Fiction: Truth (859 words)

13 Sep

“You know what? When I’m twenty and you’re twenty three, you won’t be able to use age as an excuse anymore.”  Kingsley looked up from the papers that Chris had asked him to read up on.  He gave Jo a lazy smile as his brain cleared out of the laws of the new territory they’d just wandered into the week before.

But the smile slid away as his brain pulled together what Jo had just said. “Wait, what?”

Jo grinned, spinning a pencil idly between her fingers. “What do you mean what?”

“What are you talking about, Jo? What do our ages have to do with anything? What excuses?”  Kingsley organized the papers on the desk, very determinedly not looking at the skeptical look on Jo’s face.

“You love me.” Jo had never been so blunt about it before, and Kingsley had to really fight to keep some composure.  “You love me, and you’re not saying it, but I know it.”

“I—“Kingsley faltered.  He’d always wondered if he’d be able to deny it if he was faced directly.  Apparently not.  “Jo, it’s not that simple.”

“I never said it was simple.  I’m young, not naïve. But, come on, everyone knows that you and I are end-game, why don’t you just go ahead and admit that, and I’ll let it drop for the next four years until you can’t use age as an excuse anymore.”

Kingsley turned back to his papers. He was going to try to not say anything, but he just couldn’t help himself.  “You deserve so much better than me.  I hope we aren’t end game, because I want you to be happier than I could ever make you.”

There was silence between them for just a moment, and then Jo started laughing.  Once she started she didn’t seem to be able to stop.  She laughed for a while, leaning against the edge of his desk trying to take calming breaths and regain her composure. When she’d managed that, she looked up at him.  “Oh, Kingsley, You’re going to have to come up with a better excuse than that.”

“What do you mean?”

“Kingsley, I’m the second accidental child of a mediocre whore in a shipping town.  The only parenting I had until I was eleven was a boy who is smart enough to memorize the entire library in a month, but can’t understand the concept of a white lie when his four-year old sister asks what their mother does for a living.  Until I was twelve, I spent more nights in an alley or a jailhouse holding cell than I did in a proper bed.  My odds in life where to end up a doxy like my mother, or dead at a very young age.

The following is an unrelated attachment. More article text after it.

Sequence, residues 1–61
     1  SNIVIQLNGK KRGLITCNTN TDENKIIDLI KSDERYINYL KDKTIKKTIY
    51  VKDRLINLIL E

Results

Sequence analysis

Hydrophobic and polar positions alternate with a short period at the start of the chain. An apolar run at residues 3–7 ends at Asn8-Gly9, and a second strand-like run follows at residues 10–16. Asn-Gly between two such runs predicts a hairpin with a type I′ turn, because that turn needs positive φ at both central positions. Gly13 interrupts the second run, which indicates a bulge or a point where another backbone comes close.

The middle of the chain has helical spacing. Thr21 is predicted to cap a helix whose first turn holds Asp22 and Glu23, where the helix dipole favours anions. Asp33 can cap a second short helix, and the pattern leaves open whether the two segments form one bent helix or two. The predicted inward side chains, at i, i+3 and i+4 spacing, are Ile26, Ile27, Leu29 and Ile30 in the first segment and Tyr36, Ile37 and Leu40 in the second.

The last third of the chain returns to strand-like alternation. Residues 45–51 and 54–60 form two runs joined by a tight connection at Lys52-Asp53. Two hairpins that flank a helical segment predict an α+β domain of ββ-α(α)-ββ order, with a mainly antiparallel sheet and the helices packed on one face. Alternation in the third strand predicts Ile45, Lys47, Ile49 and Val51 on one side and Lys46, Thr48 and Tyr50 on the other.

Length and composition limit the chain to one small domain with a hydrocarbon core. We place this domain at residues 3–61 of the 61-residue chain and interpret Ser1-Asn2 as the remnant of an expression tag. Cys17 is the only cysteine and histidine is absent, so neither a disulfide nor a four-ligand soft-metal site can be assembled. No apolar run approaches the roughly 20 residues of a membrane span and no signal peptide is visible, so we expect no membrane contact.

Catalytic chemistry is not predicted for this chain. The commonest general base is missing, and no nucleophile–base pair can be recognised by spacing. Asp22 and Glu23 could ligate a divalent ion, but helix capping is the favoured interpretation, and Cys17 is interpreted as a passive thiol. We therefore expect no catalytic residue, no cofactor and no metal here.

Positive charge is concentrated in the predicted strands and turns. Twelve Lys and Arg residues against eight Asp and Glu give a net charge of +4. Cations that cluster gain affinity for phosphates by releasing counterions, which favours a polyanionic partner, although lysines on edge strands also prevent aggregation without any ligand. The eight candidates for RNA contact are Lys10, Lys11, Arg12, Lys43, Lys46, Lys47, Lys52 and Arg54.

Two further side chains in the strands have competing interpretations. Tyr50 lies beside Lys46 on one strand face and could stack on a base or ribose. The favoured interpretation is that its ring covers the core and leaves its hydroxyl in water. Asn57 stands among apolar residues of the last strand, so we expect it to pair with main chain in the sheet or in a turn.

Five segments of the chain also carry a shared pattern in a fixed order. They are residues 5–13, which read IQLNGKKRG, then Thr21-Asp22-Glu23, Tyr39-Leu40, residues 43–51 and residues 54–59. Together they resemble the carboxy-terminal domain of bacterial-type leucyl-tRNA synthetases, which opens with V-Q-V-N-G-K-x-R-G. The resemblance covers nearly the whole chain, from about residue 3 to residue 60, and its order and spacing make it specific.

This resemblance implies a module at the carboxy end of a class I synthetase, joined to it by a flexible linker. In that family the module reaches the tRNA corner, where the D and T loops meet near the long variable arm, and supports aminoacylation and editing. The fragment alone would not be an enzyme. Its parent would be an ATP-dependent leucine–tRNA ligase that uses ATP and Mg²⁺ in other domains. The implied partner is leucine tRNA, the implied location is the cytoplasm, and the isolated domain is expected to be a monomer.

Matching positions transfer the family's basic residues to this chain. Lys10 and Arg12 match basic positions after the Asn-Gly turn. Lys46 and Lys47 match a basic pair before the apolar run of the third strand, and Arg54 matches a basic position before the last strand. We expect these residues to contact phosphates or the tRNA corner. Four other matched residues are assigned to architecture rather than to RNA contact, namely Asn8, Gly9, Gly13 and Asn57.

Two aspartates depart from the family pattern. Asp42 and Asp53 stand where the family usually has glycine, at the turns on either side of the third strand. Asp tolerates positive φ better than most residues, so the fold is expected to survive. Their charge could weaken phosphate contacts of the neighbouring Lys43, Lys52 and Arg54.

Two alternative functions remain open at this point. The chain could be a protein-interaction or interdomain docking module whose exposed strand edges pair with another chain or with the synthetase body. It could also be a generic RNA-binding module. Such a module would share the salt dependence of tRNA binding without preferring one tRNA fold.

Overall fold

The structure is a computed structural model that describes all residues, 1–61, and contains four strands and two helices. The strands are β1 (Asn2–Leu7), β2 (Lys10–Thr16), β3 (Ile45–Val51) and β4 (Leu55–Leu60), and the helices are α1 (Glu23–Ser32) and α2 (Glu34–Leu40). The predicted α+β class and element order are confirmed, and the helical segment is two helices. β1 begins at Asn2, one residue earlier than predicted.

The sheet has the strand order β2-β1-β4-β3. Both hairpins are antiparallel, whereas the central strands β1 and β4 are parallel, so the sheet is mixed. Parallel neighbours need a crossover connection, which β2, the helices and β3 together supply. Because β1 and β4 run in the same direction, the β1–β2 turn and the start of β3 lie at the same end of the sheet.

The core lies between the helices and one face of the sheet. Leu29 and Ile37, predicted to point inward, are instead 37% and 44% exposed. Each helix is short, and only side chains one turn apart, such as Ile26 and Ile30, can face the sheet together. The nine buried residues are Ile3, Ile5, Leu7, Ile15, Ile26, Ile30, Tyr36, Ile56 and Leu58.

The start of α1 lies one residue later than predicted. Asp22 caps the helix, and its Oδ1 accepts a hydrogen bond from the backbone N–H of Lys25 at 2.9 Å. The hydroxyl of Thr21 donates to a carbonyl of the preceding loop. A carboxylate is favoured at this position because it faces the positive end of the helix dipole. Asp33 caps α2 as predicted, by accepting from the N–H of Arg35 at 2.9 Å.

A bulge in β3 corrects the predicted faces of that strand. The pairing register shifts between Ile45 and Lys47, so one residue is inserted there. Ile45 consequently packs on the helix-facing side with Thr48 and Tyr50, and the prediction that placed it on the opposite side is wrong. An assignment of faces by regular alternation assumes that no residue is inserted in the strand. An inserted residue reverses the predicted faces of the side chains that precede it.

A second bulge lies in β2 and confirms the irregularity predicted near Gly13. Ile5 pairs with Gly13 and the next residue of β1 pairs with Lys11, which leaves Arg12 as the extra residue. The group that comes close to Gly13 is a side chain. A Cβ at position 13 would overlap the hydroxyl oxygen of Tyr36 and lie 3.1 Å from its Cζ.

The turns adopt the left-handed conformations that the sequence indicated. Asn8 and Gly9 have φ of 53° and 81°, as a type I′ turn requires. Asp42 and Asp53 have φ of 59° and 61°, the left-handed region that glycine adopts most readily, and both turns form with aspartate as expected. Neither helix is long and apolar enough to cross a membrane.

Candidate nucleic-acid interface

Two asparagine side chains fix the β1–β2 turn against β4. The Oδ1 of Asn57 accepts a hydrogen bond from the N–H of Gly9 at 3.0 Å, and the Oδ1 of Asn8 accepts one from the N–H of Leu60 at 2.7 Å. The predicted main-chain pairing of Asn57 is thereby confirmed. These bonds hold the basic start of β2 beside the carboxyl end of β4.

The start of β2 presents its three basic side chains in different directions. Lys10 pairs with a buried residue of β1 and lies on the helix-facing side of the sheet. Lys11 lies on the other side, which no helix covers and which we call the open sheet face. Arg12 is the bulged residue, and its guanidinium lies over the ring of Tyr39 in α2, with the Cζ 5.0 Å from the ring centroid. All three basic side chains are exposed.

“Instead, my idiot genius brother stumbled into another idiot genius in a different way who was determined to save lost souls in spite of the fact that he was still basically a child himself.  He made sure we got taken in. He hated being in the same room as my brother, but nonetheless he made us a promise that he’d be there for us, no matter what.  Over the last five years, I’ve learned that was true. I haven’t wanted for anything since. And I watched how he dealt with me and my brother and his brother and all the other lost souls that he made sure to take under his wing. And I watched him slowly fall in love with me, and I didn’t even realize I was falling for him until I was already in love.

“Now, this second idiot genius in my life has a twisted sense of morality, even though he loves me and he’s now sure without a doubt that I love him too, he’s still not going to be comfortable as a nineteen year old dating a sixteen year old, which is frustrating for me, but part of what makes him, him, so I’m not going to push him too hard on it.

“But, I am going to ask him to acknowledged me, to admit we’ve got something between us, and to promise that when I’m twenty he’ll give us a chance to be something, because if can’t promise me that then I don’t want to spend the next four years thinking about what could happen if he’s just going to stick to this stupid three years is too much thing.” Jo reached across the table, pulling Kingsley’s hands up off his papers and holding them as best as she could in between her hands. “So please, Kingsley, be straight with me. Do you love me?”

Kingsley swallowed hard, and then nodded slowly.  The grin that spread across Jo’s face was contagious, and Kingsley couldn’t help but smiled back.  “For my twentieth birthday, I expect a real nice date. You’ve got just under four years to figure it out.”  Jo gave him a little wink and skipped out of the room.  Kingsley’s head was spinning as he looked back to his papers.  That girl was very likely to be the death of him, and he wasn’t even sure if he meant that literally or figuratively.

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Posted by on September 13, 2014 in Stories


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